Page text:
DR6 as a Diagnostic and Predictive Biomarker in Adult Sarcoma
Published Date:May 02 2012
Source:PLoS One. 2012; 7(5).
Pubmed Central ID:PMC3342254
Funding:DP2 00440377/DP/NCCDPHP CDC HHS/United States
The Death Receptor 6 (DR6) protein is elevated in the serum of ovarian cancer patients. We tested DR6 serum protein levels as a diagnostic/predictive biomarker in several epithelial tumors and sarcomas.
DR6 gene expression profiles were screened in publically available arrays of solid tumors. A quantitative immunofluorescent western blot analysis was developed to test the serum of healthy controls and patients with sarcoma, uterine carcinosarcoma, bladder, liver, and pancreatic carcinomas. Change in DR6 serum levels was used to assay the ability of DR6 to predict the response to therapy of sarcoma patients.
DR6 mRNA is highly expressed in all tumor types assayed. Western blot analysis of serum DR6 protein demonstrated high reproducibility (r = 0.97). Compared to healthy donor controls, DR6 serum levels were not elevated in patients with uterine carcinosarcoma, bladder, liver, or pancreatic cancers. Serum DR6 protein levels from adult sarcoma patients were significantly elevated (p<0.001). This was most evident for patients with synovial sarcoma. Change in serum DR6 levels during therapy correlated with clinical benefit from therapy (sensitivity 75%, and positive predictive value 87%).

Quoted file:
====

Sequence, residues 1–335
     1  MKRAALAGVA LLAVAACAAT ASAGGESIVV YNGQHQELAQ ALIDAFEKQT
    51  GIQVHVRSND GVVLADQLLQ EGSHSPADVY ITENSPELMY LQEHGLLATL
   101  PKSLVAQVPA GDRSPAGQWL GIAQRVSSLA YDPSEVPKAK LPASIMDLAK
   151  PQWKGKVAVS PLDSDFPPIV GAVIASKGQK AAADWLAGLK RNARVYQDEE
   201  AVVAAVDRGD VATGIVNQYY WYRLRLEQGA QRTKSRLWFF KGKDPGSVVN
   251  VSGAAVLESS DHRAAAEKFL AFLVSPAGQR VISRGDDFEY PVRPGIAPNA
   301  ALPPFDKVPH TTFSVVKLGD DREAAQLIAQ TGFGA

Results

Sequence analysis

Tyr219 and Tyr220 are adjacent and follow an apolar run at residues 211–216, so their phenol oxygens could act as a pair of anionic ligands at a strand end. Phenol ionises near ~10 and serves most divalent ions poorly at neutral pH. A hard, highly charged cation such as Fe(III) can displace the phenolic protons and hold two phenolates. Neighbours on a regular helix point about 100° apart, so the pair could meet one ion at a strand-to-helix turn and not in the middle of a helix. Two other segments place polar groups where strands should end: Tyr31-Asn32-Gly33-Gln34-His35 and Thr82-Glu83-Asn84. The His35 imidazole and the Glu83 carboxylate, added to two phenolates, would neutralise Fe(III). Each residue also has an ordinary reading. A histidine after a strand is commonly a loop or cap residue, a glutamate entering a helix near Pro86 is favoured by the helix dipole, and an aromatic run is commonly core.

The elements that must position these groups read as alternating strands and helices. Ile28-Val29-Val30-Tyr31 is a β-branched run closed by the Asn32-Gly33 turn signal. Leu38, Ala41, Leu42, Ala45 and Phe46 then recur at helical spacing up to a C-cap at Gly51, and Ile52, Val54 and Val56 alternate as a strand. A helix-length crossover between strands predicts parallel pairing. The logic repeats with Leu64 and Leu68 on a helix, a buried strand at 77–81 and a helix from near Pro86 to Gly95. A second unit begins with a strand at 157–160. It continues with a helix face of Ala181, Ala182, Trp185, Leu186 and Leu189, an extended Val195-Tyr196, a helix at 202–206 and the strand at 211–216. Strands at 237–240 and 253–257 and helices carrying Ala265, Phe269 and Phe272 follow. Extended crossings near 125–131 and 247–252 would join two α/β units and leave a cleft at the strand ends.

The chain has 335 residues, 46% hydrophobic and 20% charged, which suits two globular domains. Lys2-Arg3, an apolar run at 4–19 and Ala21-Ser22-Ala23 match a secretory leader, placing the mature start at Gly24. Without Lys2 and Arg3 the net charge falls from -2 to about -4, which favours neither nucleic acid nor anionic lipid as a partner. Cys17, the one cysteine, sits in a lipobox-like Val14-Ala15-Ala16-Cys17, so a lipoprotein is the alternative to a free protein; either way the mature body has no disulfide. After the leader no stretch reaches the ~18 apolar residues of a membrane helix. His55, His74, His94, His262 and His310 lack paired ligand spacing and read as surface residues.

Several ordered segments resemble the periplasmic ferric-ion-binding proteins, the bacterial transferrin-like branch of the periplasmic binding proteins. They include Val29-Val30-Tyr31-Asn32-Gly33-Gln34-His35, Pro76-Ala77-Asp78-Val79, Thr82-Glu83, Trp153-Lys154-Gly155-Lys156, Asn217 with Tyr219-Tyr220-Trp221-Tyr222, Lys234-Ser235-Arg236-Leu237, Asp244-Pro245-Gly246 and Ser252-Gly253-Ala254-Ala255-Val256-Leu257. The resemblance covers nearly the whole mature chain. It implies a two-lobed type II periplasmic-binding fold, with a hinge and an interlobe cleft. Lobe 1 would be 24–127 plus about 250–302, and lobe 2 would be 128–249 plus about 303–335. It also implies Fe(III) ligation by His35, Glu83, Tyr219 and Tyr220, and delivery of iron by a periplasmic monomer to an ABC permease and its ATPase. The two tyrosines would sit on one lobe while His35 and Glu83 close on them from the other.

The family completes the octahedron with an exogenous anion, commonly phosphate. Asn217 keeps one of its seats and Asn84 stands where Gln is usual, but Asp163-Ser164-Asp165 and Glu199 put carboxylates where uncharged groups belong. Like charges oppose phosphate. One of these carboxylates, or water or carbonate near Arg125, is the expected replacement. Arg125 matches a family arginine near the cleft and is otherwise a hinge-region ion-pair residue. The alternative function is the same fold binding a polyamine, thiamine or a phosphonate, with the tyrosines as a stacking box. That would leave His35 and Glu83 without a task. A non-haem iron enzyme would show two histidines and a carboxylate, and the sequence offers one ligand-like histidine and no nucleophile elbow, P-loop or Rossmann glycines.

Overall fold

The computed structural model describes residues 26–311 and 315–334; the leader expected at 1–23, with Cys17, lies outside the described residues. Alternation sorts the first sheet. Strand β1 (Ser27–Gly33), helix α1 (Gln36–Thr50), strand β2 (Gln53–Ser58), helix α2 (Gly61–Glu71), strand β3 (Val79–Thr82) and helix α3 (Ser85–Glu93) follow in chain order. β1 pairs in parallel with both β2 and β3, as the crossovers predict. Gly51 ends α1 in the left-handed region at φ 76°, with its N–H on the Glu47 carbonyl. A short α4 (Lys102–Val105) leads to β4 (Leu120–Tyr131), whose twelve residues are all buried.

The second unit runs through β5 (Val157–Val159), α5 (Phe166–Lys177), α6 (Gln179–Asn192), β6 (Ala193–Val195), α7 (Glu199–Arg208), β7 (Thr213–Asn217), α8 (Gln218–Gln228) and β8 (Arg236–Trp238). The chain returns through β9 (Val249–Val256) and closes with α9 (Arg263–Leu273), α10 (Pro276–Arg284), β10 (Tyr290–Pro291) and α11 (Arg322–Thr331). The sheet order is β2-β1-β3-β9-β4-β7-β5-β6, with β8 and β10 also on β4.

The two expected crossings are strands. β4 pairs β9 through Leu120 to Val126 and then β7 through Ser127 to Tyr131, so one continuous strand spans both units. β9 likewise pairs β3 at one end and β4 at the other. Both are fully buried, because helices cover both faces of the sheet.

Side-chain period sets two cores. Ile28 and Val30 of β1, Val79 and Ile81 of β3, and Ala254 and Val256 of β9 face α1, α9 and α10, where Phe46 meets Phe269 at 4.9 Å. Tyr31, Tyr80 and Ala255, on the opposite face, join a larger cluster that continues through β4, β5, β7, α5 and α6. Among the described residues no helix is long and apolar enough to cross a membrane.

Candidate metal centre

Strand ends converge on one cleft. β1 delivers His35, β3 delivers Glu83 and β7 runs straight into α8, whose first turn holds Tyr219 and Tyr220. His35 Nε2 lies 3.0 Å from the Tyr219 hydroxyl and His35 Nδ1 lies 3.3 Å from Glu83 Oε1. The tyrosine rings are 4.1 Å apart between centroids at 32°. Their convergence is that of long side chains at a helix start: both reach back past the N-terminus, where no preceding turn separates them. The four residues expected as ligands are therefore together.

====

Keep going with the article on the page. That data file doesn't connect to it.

DR6 may be a clinically useful diagnostic and predictive serum biomarker for some adult sarcoma subtypes.
Diagnosis of sarcoma can be difficult and can lead to improper management of these cancers. DR6 serum protein may be a tool to aid in the diagnosis of some sarcomatous tumors to improve treatment planning. For patients with advanced disease, rising DR6 levels predict non-response to therapy and may expedite therapeutic decision making and reduce reliance on radiologic imaging.
text/plain image/gif image/jpeg image/gif image/jpeg image/gif image/jpeg image/gif image/jpeg text/plain image/gif image/jpeg image/gif image/jpeg
You May Also Like: